I am too young to remember World War II. I came along in 1951 well after Dad had taken a dunking in the vast Pacific when his Destroyer (Brownson) was blown apart by Japanese pilots in some minor battle. However, I have always marveled at the war effort and the machines that the United States turned out that turned the tide and won a war. I am awe struck by the rapid growth of engineering, the “tricks” that made that era’s technology work, and the blistering pace of production. As a pilot I have long marveled at the aircraft designed and built in short order as a necessity for winning a horrible world war. The need for these machines many times outweighed, to a degree, their practicality and many designs were simply too far “out there” to ever make production. Still, the magnificent machines that were developed fascinate me.
Recently a pilot buddy of mine sent me a video describing the painstaking, meticulous work that has been on-going for some time and has resulted in the second of the only two flying B-29 Super Fort’s in the world reclaiming it’s place in the skies over the U.S.. Everyone I know identifies the name “Enola Gay” properly as the B-29 that dropped the world’s first atomic bomb on Hiroshima and broke the will of the Japanese. Nearly every pilot I know knows that the only surviving flying example of the mammoth aircraft that performed this feat was “Fifi”; a B-29 Super Fortress, which is maintained and operated on a flying history tour from coast to coast every year by the Commemorative Air Force. All that changed in July of 2016 when “Doc”, a freshly restored Super Fortress took to the skies over Wichita.
I pass along the rebirth of history for you, please enjoy “Doc”
Historians tell us that there were just short of 4000 of these majestic flying machines built by Boeing aircraft company, and that the Army Air Corps drafted it’s specifications for a new long range “super bomber” in December of 1939. Boeing had been in the design phases of a long range bomber concept since 1938. Competition between Consolidated Aircraft, Lockheed, and Douglas ramped up but Boeing presented its design option early in 1940! Douglas and Lockheed fell along the wayside and Consolidated was allowed to continue its design work as a possible backup for the Boeing bomber. Boeing received an order for two flying prototypes and a third static prototype on August 24 of 1940. The order was revised to include the third aircraft as a flying prototype on December 14th, 1940. My Lord, how fast this country can move when it wishes to! Less than two years later, the first Super Fortress Flight was made out of Boeing Field in Seattle on September 21st, 1942.
The Super Fort was a leap forward in technology for the time with a pressurized cabin and a remotely operated fire control system that allowed control of the four gun turrets via analog computer system. A single gunner could operate two or more turrets at one time. Each turret was fitted with two browning .50 Caliber machine guns.
Originally fitted with Wright R-3350 Duplex-Cyclone radial engines, the aircraft was fraught with engine problems from the beginning. Failures and fires were prevalent. The second prototype flew approximately 90 days after the first flight but an engine fire cut the flight short. On February 18th, 1943 the second prototype flew again and this time crashed as a result of an engine fire. This crash killed all on board. Production changes were happening at a frantic pace and mistakes were made and corrected so rapidly that by 1944 many aircraft were flown directly from the manufacturing plant to a maintenance facility charged with making alterations . . . to brand new aircraft! Engine problems persisted and only when the switch was made to Pratt & Whitney R-4360 “Wasp Major” engines did reliability improve.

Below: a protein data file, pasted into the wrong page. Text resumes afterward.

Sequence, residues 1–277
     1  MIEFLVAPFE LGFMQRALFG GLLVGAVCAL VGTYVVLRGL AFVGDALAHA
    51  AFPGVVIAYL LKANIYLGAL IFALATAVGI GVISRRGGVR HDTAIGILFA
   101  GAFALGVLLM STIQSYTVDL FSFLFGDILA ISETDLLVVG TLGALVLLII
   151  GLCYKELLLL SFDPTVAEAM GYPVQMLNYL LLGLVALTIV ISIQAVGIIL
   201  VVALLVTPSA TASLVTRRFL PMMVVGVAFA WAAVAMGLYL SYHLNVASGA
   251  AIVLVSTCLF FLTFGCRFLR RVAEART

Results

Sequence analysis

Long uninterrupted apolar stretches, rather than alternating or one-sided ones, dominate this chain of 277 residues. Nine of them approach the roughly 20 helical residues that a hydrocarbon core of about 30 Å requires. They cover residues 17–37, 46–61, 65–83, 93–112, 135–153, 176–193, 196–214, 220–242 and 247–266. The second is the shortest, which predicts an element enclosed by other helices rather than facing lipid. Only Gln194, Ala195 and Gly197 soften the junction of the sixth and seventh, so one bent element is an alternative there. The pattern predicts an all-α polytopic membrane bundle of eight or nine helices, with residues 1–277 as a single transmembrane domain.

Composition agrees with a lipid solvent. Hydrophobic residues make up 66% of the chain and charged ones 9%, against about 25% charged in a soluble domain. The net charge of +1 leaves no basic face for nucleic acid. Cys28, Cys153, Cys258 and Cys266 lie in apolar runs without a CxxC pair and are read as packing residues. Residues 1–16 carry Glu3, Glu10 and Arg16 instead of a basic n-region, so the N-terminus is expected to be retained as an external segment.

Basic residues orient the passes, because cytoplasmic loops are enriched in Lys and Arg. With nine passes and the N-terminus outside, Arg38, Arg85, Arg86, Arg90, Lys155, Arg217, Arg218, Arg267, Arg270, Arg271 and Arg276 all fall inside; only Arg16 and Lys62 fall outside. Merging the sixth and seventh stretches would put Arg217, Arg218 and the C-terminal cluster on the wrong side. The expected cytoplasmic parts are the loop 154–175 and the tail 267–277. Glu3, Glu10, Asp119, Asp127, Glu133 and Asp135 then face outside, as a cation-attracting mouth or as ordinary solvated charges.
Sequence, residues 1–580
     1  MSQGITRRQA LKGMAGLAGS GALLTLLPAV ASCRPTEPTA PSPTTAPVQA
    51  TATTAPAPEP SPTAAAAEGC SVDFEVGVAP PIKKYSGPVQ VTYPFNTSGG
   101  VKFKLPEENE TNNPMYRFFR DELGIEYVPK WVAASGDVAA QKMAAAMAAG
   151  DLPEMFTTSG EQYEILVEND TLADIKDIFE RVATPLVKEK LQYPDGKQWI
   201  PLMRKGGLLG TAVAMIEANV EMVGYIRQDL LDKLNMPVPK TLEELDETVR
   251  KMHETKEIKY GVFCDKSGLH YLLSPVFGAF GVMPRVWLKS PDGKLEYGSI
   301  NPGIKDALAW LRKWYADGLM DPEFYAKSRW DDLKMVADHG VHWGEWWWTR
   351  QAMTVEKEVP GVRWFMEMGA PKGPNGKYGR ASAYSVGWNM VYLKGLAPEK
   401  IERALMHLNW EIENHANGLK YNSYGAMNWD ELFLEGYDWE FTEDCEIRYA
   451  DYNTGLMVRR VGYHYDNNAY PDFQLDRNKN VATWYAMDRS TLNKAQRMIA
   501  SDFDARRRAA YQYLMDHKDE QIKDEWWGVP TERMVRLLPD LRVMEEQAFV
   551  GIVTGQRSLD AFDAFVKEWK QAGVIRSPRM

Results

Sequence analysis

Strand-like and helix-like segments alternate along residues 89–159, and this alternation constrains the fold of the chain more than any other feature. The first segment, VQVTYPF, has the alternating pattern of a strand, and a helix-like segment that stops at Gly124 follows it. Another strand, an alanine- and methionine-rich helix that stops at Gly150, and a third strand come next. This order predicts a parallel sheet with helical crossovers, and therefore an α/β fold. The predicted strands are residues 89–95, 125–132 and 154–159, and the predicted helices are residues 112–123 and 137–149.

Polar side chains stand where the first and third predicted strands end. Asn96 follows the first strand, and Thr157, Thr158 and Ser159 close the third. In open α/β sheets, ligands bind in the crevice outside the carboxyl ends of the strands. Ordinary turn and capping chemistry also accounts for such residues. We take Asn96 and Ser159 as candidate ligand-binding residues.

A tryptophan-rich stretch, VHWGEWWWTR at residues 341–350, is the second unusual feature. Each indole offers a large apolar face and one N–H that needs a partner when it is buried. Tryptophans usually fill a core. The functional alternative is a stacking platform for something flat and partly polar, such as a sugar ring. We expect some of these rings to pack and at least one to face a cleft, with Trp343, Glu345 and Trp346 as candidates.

The Super Fort was manned by an eleven man crew, carried 8 or 10 .50 caliber machine guns (early models had a 20 mm cannon in the tail as well) and hauled 20,000 pounds of bombs aloft. Its wingspan was 141 feet 3 inches and it was 99 feet long. Empty weight was 74,500 pounds; combat takeoff weight was in excess of 135,000 pounds! It cruised at 190 Kts and had a service ceiling of 31,850 Feet. (Above most fighter’s capabilities and out of reach from the ground) All this machinery was made in America at an estimated cost of about $640,000.00 a copy.
Some pilots I am sure, can identify with me when I say that I have always felt like I was born too late. To have been alive to see such magnificent flying machines in numbers would have been a thrill. It saddens me to think that my children and grandchildren may never have the opportunity to see the aircraft and other mechanical marvels spawned by the worst of times in our history. They may never again see, touch, or hear the majestic machinery, born of our resolve and innovation that helped to assure that America remained “the land of the free.” Thanks to the efforts of the Commemorative Air Force and the folks at Doc’s Friends for preserving these noteworthy pieces of American history so that future generations may have some knowledge of the people and machines that have helped to make America the greatest nation in the world.
For years she was the only flying example of a Super Fort. “Fifi” has now been joined by a second B-29.
Please enjoy a look at “Fifi.”
*Doc Photo Credit: Business and Commercial Aviation
*Fifi Photo and Video Credit: Commemorative Air Force
*Doc Video Credit: CBS News
Author: Tom Speerstra
Tom Speerstra has had an enduring love affair with aviation for over 40 years. Countless adventures have been enjoyed flying students, people, paper, and parcels in everything from Champs to Citations. He has held positions as both Chief Pilot and Director of Operations for Part 135 carriers and holds an ATP, MEII, SES ratings and a Citation type rating. Tom makes his home in Michigan with his wife Elizabeth and the two dogs Hess and Pappy.